Official ThingSpeak Library for Arduino and Particle

We are thrilled to announce the official ThingSpeak Communication Library for Arduino and Particle devices. This library enables an Arduino or other compatible hardware to write or read data to or from ThingSpeak, an open data platform for the Internet of Things with built-in MATLAB analytics and visualization apps.

Arduino IDE Installation

In the Arduino IDE, choose Sketch/Include Library/Manage Libraries. Click the ThingSpeak Library from the list, and click the Install button.

Particle / Spark IDE Installation

In the Particle/ Spark Web IDE, click the libraries tab, find ThingSpeak, and choose “Include in App”.

Compatible Hardware

  • Arduino or compatible using an Ethernet or Wi-Fi shield (we have tested with Uno and Mega)
  • Arduino Yun running OpenWRT-Yun Release 1.5.3 (November 13th, 2014) or later.
  • Particle Core or Photon (Formally Spark)

ThingSpeak Examples

The library includes several examples to help you get started.

  • CheerLights: Reads the latest CheerLights color on ThingSpeak, and sets an RGB LED.
  • ReadLastTemperature: Reads the latest temperature from the public MathWorks weather station in Natick, MA on ThingSpeak.
  • ReadPrivateChannel: Reads the latest voltage value from a private channel on ThingSpeak.
  • ReadWeatherStation: Reads the latest weather data from the public MathWorks weather station in Natick, MA on ThingSpeak.
  • WriteMultipleVoltages: Reads analog voltages from pins 0-7 and writes them to the 8 fields of a channel on ThingSpeak.
  • WriteVoltage: Reads an analog voltage from pin 0, converts to a voltage, and writes it to a channel on ThingSpeak.

Complete source code and examples for the ThingSpeak Library are available on GitHub.

Collecting Dust Levels with ThingSpeak and ESP8266 Wi-Fi

Using the ESP8266 Wi-Fi module, [shadowandy] built a dust sensor to measure dust levels in his house. The project incorporates the Shinyei PPD42NS dust sensor to do the measurements and posts the data to his ThingSpeak channel from data collection and reaction to dust levels.

Dust Sensor sending data to ThingSpeak

The sensor records the PM10 and PM2.5 dust levels to get an accurate indication of the dust in the air. This project is a great example of how a little sensor could turn into something important for protecting machine shops, construction sites, and garages.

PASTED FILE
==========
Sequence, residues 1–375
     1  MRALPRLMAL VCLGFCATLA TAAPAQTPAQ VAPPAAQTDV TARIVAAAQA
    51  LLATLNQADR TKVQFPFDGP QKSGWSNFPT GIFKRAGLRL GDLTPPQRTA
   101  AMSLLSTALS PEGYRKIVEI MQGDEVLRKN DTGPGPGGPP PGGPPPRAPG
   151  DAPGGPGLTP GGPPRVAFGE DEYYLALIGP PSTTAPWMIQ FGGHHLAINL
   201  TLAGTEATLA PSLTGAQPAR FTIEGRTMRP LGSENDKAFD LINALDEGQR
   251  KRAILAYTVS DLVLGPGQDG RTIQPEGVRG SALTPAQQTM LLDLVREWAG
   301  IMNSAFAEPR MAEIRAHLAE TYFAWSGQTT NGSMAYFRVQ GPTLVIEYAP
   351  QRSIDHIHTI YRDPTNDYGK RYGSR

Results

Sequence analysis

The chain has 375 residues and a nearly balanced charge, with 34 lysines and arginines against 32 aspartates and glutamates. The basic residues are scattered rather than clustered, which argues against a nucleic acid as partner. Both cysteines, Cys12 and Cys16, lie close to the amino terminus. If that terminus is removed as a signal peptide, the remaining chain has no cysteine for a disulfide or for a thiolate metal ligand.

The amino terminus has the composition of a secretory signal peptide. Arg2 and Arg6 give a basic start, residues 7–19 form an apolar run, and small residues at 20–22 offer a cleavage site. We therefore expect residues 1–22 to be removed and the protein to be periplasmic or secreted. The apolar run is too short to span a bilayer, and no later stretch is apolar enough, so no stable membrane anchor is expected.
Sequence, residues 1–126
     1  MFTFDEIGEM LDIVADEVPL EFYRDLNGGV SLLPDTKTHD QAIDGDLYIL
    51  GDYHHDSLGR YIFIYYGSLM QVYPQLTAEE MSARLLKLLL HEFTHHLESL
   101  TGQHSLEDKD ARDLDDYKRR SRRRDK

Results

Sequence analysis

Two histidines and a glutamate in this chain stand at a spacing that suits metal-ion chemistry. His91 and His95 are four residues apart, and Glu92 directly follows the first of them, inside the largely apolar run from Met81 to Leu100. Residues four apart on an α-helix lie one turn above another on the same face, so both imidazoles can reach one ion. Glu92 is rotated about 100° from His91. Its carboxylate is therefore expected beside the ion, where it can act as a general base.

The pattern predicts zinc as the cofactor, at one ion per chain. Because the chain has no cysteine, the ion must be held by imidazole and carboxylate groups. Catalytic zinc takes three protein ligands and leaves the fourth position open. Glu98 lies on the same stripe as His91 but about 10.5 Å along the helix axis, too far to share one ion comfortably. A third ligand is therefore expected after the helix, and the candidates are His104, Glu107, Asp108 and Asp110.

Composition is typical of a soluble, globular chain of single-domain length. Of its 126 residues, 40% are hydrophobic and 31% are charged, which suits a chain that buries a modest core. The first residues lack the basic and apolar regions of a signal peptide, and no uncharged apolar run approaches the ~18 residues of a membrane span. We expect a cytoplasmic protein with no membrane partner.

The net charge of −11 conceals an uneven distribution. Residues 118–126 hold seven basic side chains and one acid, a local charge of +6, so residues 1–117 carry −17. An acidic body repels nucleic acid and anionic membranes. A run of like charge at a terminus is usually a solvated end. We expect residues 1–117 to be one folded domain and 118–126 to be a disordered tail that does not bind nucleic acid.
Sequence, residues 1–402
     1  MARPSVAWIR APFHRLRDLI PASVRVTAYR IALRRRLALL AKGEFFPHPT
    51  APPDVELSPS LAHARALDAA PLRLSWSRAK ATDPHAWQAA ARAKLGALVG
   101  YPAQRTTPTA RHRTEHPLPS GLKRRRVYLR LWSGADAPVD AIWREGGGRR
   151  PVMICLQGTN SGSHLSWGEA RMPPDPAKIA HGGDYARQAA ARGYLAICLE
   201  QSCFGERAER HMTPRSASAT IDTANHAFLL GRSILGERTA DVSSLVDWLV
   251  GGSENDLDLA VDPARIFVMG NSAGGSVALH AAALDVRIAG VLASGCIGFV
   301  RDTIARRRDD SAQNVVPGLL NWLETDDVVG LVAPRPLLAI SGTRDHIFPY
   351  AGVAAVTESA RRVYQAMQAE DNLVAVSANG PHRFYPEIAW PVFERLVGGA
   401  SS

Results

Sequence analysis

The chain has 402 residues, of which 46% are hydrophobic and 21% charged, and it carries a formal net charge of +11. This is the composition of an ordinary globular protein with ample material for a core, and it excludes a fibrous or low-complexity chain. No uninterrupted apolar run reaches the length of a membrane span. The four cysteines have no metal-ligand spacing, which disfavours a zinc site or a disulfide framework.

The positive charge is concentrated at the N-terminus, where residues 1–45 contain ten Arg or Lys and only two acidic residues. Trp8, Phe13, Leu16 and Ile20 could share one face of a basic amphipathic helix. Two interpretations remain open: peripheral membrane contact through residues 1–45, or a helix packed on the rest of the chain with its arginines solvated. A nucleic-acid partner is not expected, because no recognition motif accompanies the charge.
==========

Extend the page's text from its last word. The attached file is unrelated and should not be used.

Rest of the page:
[via shadowandy / GitHub]

Send Windows Server Data to ThingSpeak using PowerShell

Do you maintain Windows Servers? If so, you might want to track server resources. ThingSpeak accepts data from anything and fits perfectly for server monitoring, visualization, and analysis. [NotHans] released a PowerShell Script to report Windows Server disk free space to ThingSpeak. Once in ThingSpeak, use a ThingSpeak to visualize server resources and send alerts to low disk space with ThingSpeak React. Use this PowerShell Script as a starter script to send data to ThingSpeak from Windows-based systems. Check out the open source script on GitHub.

[via GitHub]

[Official Tutorial] Monitoring Linux Server Statistics

ThingSpeak can be used to easily monitor CPU usage %, memory usage %, and disk usage % on any Linux machine connected to the internet.

First, create a new Channel, and fill out the field names as follows: Field 1 = “CPU Usage (%)”, Field2 = “Memory Usage (%)”, Field 3 = “Disk Usage (%)”.

ThingSpeak Channel Settings

Next, add the open-source server statistics script to your server, which can be found at:

Inside the script there’s an API Key variable, which should be replaced with your specific Channel’s API Key (leave the single quotes, and only replace the X’s): api_key='XXXXXXXXXXXXXXXX'

For the script to work properly, install the “bc” package via: sudo apt-get install bc

Then make the script executable: chmod +x

Finally, edit your crontab file: crontab -e

Make the script execute every minute by adding this line to your crontab (make sure you use the proper path to the script): * * * * * /path/to/